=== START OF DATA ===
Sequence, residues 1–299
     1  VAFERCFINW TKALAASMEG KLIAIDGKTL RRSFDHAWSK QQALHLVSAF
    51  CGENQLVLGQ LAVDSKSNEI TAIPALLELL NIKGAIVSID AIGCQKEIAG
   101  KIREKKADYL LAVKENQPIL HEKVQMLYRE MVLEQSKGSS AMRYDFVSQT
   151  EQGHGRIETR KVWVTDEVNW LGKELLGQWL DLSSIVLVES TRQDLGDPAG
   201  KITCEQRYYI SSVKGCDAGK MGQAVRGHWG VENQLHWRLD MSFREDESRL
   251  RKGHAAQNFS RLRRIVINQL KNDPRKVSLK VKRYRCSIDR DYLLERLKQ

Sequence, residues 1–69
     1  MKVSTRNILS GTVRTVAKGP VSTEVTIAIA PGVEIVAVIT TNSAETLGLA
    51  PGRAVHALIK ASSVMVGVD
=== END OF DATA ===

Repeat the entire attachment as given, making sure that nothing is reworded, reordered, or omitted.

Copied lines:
Sequence, residues 1–299
     1  VAFERCFINW TKALAASMEG KLIAIDGKTL RRSFDHAWSK QQALHLVSAF
    51  CGENQLVLGQ LAVDSKSNEI TAIPALLELL NIKGAIVSID AIGCQKEIAG
   101  KIREKKADYL LAVKENQPIL HEKVQMLYRE MVLEQSKGSS AMRYDFVSQT
   151  EQGHGRIETR KVWVTDEVNW LGKELLGQWL DLSSIVLVES TRQDLGDPAG
   201  KITCEQRYYI SSVKGCDAGK MGQAVRGHWG VENQLHWRLD MSFREDESRL
   251  RKGHAAQNFS RLRRIVINQL KNDPRKVSLK VKRYRCSIDR DYLLERLKQ

Sequence, residues 1–69
     1  MKVSTRNILS GTVRTVAKGP VSTEVTIAIA PGVEIVAVIT TNSAETLGLA
    51  PGRAVHALIK ASSVMVGVD